The Legal Aid Board is a statutory, independent body in accordance with the Civil Legal Aid Act 1995. The matters raised by the Deputy are ones for the board. However, in order to be helpful to him, I have had inquiries made with the board. I had a meeting with its chairman following the announcement of the JobBridge programme to encourage use by the board of the internship scheme in order that many of the qualified solicitors currently unemployed would have an opportunity to gain job and work experience.
The new FÁS JobBridge scheme is an important element of the Government's jobs initiative designed to facilitate the provision of work experience and training opportunities for the unemployed. I very much welcome the active participation of the Legal Aid Board in the scheme. I am advised the board will be offering internships to qualified solicitors in order that they can gain practical experience in the areas of civil law in which the organisation provides services. I have every confidence that solicitors obtaining internships with the board will receive valuable experience and training that will help them on the road towards paid employment, notwithstanding the current difficult labour market conditions for legal practitioners. I also anticipate that the interns will make an important contribution to the work of the board during their time with it and that they will be of assistance in tackling the increasing demand it is experiencing for its services.
The locations in which the board initially offered internships had regard to both the current work demands of the organisation and the capacity of the law centres involved to provide the necessary support and development to interns during their placements. The locations initially advertised under the scheme were Newbridge, Ennis, Cavan, Cork, where there were two placements, and Nenagh, plus six internships in various locations in Dublin.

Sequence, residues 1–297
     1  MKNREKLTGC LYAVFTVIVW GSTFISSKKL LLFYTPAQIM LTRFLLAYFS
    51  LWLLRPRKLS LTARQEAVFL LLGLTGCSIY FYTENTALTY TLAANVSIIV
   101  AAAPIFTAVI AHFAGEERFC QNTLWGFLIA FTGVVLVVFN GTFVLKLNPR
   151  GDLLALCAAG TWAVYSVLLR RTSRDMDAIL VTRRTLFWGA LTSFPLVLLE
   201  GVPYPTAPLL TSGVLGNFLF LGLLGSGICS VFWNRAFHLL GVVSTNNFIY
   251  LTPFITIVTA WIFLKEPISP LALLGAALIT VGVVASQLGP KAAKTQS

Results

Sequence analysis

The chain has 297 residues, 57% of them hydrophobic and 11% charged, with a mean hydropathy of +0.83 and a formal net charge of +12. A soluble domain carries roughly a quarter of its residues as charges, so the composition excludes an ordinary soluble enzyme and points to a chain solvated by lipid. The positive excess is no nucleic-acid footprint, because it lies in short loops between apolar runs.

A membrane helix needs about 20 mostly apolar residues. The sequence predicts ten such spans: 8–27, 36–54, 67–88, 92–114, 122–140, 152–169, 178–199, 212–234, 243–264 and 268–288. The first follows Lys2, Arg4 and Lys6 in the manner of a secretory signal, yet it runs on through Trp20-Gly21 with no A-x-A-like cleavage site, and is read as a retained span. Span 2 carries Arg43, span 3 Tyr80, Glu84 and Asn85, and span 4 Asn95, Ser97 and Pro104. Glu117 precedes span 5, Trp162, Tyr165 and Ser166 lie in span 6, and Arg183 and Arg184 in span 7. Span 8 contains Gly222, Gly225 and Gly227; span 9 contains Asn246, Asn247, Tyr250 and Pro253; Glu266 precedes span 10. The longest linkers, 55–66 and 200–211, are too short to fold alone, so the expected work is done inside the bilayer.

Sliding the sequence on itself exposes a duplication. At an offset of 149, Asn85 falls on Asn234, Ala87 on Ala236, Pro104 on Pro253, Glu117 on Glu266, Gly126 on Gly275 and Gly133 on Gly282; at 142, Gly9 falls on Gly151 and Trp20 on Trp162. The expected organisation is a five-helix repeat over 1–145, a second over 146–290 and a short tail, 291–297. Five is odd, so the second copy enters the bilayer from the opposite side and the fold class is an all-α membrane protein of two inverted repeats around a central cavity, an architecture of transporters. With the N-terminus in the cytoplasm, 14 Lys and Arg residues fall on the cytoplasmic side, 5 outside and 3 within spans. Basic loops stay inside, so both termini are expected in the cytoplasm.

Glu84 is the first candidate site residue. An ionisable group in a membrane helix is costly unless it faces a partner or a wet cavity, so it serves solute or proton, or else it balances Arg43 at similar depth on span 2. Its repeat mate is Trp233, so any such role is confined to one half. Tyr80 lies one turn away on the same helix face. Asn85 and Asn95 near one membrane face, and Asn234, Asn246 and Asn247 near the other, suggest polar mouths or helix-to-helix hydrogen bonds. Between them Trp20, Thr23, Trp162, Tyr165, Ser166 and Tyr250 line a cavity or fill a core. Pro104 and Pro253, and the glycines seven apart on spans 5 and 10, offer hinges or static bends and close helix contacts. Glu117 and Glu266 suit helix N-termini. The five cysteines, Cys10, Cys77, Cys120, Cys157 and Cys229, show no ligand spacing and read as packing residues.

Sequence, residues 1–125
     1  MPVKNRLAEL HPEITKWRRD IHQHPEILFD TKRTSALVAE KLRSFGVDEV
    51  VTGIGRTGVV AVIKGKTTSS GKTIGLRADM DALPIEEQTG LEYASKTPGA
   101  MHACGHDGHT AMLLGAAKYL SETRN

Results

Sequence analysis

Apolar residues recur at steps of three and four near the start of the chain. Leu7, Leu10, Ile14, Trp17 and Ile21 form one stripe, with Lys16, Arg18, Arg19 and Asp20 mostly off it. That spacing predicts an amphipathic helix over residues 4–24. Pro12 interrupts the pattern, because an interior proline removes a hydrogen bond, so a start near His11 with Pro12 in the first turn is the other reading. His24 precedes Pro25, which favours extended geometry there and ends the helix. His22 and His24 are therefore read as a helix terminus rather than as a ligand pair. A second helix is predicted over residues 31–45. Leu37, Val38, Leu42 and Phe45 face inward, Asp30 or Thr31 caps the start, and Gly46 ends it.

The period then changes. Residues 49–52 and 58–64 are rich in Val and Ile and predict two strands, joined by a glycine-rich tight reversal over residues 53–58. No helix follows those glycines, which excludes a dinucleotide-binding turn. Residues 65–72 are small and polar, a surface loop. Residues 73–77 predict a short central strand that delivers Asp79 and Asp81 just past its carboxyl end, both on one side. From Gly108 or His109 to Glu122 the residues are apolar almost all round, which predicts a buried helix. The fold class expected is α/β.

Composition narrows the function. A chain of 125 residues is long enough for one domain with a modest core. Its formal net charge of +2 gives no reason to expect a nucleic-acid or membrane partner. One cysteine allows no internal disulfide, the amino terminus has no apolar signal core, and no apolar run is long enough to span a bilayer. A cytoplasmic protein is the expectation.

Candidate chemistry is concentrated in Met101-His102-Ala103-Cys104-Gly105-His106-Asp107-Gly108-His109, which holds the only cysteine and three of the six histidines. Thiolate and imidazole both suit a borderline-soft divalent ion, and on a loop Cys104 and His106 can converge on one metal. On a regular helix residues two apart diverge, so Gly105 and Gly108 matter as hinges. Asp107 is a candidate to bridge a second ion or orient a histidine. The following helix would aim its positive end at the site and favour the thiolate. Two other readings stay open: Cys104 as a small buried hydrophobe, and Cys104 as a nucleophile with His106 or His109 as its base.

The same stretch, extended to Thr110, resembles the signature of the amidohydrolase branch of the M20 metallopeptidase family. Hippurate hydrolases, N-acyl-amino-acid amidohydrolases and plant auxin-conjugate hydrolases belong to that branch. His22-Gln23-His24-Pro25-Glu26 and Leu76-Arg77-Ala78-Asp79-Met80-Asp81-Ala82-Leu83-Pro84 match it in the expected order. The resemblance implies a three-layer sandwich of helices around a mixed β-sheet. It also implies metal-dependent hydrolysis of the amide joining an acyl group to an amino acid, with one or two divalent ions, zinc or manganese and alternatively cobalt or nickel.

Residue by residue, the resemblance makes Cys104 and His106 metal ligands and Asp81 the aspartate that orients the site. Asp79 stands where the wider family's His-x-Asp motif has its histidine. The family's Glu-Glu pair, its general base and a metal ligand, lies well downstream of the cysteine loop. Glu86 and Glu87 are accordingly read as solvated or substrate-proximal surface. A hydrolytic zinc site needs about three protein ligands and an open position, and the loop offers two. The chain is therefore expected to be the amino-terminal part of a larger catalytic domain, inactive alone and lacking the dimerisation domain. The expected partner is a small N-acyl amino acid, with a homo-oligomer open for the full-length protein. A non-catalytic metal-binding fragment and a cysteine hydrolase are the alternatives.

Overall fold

Since advertising with FÁS the board has received 28 applications from eligible candidates and all these candidates have since been offered interviews. The board has already placed an intern in Tallaght law centre and is in the process of offering further placements in the locations I detailed. To date, six additional applicants have been offered and have accepted internships and will be commencing in the coming weeks. The board also intends to offer some additional placements in the coming days and has recently asked FÁS to extend the scheme to all its law centres. This will ensure the board has the maximum flexibility in offering further internships and is a measure that I very much welcome.
Additional information not given on the floor of the House.
The past three or four years have seen a considerable increase in demand to the board for legal services and this coincides with the downturn in the economy. In 2007, just over 10,164 persons sought legal services from the board in regard to general civil non-asylum matters. This figure increased to 17,175 in 2010 and I am informed that the number of applicants in the first six months of this year was almost the same as the total number of applicants in 2007. Inevitably, this has created huge pressures for the board's law centres and its capacity to deliver legal services within a reasonable period of time. As of 1 September 2011, the waiting time in 17 of the board's 29 law centres was greater than four months, and in six of those centres the waiting time was greater than six months. As of 1 September 2011, there were just under 4,500 persons waiting for a first appointment with a solicitor. This compares with 3,153 on 1 January 2011, 2,335 on 1 January 2010 and 1,681 on 1 January 2009.